That’s the 50,000 foot view, though. Sure, the Giants seem no better off than they were five years ago (even if the literal win-loss record proves otherwise by a signficant margin), but begin your descent. Come down to 25,000 feet. Hey look — this team didn’t give 450 plate appearances to Gorkys Hernandez (87 OPS+). His equivalent roster result in 2023 was either Patrick Bailey (78 OPS+) or Blake Sabol (92). Those are two guys who still have time to improve their game, who are maybe 2-3 stratas away but still showing skill sets that parallel the better players in the league. Gorkys was a fifth outfielder shoved into a starting role.
Andrew McCutchen (115 OPS+) was the team’s best hitter in 2018. We all saw what Posey, Belt and Crawford (the next best three in 2018) did with a little rest and a lot of Zaidi-driven data coaching in 2021 (and the juiced balls!), and here in 2023, the Giants’ process netted them three hitters as good or better than McCutchen: Wilmer Flores (132 OPS+), LaMonte Wade Jr. (121), and Joc Pederson (114); but also, Mike Yastrzemski (113) and Thairo Estrada (103), who — with LaMonte Wade Jr. — represent the top three position players on the 2023 Giants by WAR. Wade leads the team in bWAR (2.8). Estrada leads in fWAR (4.1).
Wade’s a great player to focus on. We were all down on LaMonte Wade Jr. after last season, but the team wasn’t because they liked some of his underlying numbers (batted ball data, swing decisions). They were right. Even though he stopped hitting like an All-Star after June (.280/.416/.452 through June 30; .235/.322/.388 after), he still had a productive season, and it’s a credit to the team’s coaching/scouting that they stuck with him to get this result.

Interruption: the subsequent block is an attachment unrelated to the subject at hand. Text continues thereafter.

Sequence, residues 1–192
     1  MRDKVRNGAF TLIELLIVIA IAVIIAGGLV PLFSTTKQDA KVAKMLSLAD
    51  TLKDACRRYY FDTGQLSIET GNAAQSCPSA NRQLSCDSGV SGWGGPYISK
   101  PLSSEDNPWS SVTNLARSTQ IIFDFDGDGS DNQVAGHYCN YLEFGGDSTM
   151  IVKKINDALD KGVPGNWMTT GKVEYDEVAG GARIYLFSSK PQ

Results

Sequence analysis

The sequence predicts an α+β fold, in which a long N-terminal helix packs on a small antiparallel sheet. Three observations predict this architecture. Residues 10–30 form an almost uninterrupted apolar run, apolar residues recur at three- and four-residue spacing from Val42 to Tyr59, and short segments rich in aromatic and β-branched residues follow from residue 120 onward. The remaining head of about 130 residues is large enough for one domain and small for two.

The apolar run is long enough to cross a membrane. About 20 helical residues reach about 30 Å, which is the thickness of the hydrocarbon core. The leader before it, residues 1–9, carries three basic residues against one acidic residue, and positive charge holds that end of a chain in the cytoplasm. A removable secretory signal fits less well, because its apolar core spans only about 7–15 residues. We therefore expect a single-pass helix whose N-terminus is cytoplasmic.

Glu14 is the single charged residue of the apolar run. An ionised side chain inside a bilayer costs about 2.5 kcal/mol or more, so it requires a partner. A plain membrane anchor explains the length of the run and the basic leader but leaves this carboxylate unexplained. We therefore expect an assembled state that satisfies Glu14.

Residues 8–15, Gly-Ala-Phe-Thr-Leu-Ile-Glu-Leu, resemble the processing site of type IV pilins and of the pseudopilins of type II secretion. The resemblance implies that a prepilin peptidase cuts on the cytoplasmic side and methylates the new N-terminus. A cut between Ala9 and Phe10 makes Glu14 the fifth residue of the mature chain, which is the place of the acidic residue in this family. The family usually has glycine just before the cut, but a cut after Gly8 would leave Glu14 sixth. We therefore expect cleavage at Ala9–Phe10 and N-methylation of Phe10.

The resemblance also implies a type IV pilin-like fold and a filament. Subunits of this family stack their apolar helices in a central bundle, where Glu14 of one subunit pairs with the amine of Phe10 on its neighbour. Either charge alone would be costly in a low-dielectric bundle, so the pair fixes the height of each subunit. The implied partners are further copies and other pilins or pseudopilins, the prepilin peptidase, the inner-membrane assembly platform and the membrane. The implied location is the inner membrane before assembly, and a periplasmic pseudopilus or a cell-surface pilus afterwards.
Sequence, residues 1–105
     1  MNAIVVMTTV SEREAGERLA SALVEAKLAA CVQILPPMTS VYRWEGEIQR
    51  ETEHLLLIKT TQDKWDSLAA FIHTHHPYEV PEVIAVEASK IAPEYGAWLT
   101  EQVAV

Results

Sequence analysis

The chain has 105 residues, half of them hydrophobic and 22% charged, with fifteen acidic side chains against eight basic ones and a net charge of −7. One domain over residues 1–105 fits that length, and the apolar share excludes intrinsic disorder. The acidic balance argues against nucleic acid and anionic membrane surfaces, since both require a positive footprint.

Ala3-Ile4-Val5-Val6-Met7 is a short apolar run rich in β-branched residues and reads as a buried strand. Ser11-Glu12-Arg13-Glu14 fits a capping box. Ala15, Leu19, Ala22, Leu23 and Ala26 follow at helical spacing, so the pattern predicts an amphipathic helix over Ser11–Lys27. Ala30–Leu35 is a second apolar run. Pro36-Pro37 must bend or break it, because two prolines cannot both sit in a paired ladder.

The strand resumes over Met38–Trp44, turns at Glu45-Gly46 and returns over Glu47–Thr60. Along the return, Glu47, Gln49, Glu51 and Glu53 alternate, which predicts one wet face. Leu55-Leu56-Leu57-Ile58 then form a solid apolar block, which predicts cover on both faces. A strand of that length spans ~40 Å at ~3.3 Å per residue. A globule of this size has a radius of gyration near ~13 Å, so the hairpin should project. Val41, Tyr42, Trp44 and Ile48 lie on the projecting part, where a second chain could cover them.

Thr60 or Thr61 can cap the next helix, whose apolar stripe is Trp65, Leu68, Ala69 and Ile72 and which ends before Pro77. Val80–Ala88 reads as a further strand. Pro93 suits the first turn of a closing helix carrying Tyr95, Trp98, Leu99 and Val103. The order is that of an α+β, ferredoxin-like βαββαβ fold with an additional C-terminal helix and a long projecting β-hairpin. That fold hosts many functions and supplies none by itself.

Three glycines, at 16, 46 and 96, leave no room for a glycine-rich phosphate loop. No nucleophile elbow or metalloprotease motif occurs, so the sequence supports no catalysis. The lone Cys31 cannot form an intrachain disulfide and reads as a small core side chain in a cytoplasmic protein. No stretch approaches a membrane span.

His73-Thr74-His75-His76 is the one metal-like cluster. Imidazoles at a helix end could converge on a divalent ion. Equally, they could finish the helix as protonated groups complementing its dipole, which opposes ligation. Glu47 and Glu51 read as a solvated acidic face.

The 2018 team gave Alen Hanson (.699 OPS) and Chase D’Arnaud (.618) a combined 410 plate appearances. Throw in Austin Jackson, Chris Shaw, Kelby Tomlinson, and Mac Williamson and you get a lot of guys whose underlying numbers didn’t match the the modern game. A lot of 3, 4, and 5 to 1 strikeout to walk guys or, as in the case of D’Arnaud, average plate discipline but no power. And yet it was this type of player the Giants trotted out frequently hoping that one of them would flip a switch. Hope is not a strategy!
I think we should have a bit more confidence in the group the team has assembled now. Minor league track records that demonstrate a bit more consistency at the plate. Will their contact and power skills translate to the major league level is the big question, though, and while the result might wind up being the same — they get no useful production from their farm system in the short term — there’s clear evidence that they’re a bit better off with this type of player than they were in the past with that other type of player. If nothing else, we got Patrick Bailey out of this team’s process, and even if teams have wised up to Zaidi’s group inquiring about a fringe hitting prospect, they seem to be able to find guys who could actually — given all research and development over the last 10 years — be solid.
They’re just missing great players to surround with these solid players. That’s an inversion of the Bobby Evans years: great players but no idea how to surround them with solid players. Evans had those great players because of previous years when the team had been really bad. Now, they’re going to try to get great players while not being really bad, a more challenging proposition.
So, I needn’t laugh. I can talk through that reflexive fear response. This front office is better than the one that preceded it, even though I think the growing consensus that the team needs to be more entertaining is correct and will prevail. That means this team’s problem is that it has missed the forest for the trees. The Evans Group had the opposite problem, only seeing the treeline, missing everything that made it a forest.